Violence in Boikhutso after eight-year-old boy hit by police car
Enraged residents of Boikhutso in the North West torched two police vehicles and an ambulance on Tuesday after the death of a young boy, who was allegedly hit by a police car.
According to police spokesperson Brig Sabata Mokgwabone, the eight-year-old boy allegedly ran into the road and was struck by the K9 Unit vehicle. He died on the scene.
“Subsequent to the incident, members of the community set alight the police vehicle. They also burnt another police vehicle which was used by first responders as well as an ambulance which was summoned to the scene.
“Furthermore, a local municipality traffic vehicle was pelted with stones while goods were looted from one of the local tuck-shops,” said Mokgwabone.
Three police officers and two paramedics were injured in the unrest. They were transported to hospital for further treatment.
Mokgwabone said the boy was one of two children to have died under such circumstances in the area. Another child, a girl, was hit by an Isuzu bakkie near Blydeville earlier in the day
“As a result, the police are investigating two separate cases of culpable homicide. In addition, the police are investigating cases of public violence and malicious damage to property,” Mokgwabone said.
North West police commissioner Lt-Gen Sello Kwena conveyed his condolences to the families of the two deceased children, but condemned the community taking the law into their own hands.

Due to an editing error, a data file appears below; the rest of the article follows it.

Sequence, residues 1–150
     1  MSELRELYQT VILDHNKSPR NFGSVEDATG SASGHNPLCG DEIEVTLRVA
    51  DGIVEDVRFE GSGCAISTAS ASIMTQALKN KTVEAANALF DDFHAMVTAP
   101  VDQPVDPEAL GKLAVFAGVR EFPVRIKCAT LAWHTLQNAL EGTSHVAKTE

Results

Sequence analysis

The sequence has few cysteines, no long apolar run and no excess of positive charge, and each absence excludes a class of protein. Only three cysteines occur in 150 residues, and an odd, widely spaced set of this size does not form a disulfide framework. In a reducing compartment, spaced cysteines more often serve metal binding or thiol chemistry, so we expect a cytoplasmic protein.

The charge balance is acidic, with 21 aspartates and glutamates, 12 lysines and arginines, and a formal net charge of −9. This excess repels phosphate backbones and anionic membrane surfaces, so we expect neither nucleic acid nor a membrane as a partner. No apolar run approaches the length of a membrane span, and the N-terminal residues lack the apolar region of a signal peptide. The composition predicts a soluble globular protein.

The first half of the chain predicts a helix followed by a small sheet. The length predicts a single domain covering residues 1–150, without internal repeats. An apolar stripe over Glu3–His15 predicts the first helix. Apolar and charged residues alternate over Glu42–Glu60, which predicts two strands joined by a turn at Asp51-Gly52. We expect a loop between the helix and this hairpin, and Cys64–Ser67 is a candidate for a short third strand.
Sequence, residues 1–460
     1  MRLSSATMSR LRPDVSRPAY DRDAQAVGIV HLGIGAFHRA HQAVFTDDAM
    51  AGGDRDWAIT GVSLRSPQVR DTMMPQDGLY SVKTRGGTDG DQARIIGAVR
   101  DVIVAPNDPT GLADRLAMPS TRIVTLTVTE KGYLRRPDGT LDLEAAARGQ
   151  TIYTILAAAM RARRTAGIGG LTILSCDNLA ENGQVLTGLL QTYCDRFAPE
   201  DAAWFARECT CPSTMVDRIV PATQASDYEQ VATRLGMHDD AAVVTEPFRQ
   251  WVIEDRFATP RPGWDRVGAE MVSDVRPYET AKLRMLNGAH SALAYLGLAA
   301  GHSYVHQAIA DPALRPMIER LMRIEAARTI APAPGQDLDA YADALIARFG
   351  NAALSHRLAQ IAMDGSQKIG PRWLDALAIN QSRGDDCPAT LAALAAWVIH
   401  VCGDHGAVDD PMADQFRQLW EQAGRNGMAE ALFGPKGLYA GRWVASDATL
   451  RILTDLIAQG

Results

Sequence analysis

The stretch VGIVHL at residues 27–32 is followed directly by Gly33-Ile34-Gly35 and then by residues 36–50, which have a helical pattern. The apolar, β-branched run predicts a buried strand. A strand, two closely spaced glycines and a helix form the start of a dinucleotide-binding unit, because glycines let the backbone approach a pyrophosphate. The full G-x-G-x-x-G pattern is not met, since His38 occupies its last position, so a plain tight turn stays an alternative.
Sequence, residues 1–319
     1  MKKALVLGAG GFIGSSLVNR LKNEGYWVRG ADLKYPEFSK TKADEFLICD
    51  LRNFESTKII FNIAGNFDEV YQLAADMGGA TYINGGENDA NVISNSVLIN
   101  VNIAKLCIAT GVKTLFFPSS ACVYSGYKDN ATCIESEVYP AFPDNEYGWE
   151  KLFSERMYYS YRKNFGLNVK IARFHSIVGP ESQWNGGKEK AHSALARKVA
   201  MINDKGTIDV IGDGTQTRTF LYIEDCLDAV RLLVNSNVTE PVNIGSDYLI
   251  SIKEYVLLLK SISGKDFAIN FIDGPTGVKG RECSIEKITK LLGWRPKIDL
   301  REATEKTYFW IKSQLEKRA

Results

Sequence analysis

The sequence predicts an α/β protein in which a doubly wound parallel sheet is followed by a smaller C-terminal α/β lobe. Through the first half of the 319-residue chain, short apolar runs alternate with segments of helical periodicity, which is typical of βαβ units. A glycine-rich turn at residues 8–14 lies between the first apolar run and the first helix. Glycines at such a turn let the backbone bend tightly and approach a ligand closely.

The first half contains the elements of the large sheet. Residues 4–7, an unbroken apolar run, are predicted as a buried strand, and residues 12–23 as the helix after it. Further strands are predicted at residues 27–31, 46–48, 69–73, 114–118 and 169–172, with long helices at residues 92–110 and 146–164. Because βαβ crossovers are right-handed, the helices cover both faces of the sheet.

Video footage from the scene of the first incident was circulating on social media.
Meanwhile, the SA National Civic Organisation (Sanco) in the North West called for calm.
“We wish to convey our deepest condolences to the families that lost their children in the horrific incidents and call on the Independent Police Investigative Directorate (Ipid) to investigate the loss of life,” said Sanco's provincial chairperson, Paul Sebegoe.
“We wish to condemn in the strongest terms possible the destruction of state vehicles that include an ambulance when such are in high demand to tackle the Covid-19 pandemic. There is no justification for the resultant lawlessness that undermined due process for those responsible to be held accountable,” he said.
He, however, expressed concern that young children were loitering in the street while the lockdown was still in force and called on parents to keep their children indoors or in their yards.
“Failure to adhere to the lockdown regulations will be too costly and have far reaching consequences for the economy if communities continue to ignore them,” said Sebegoe.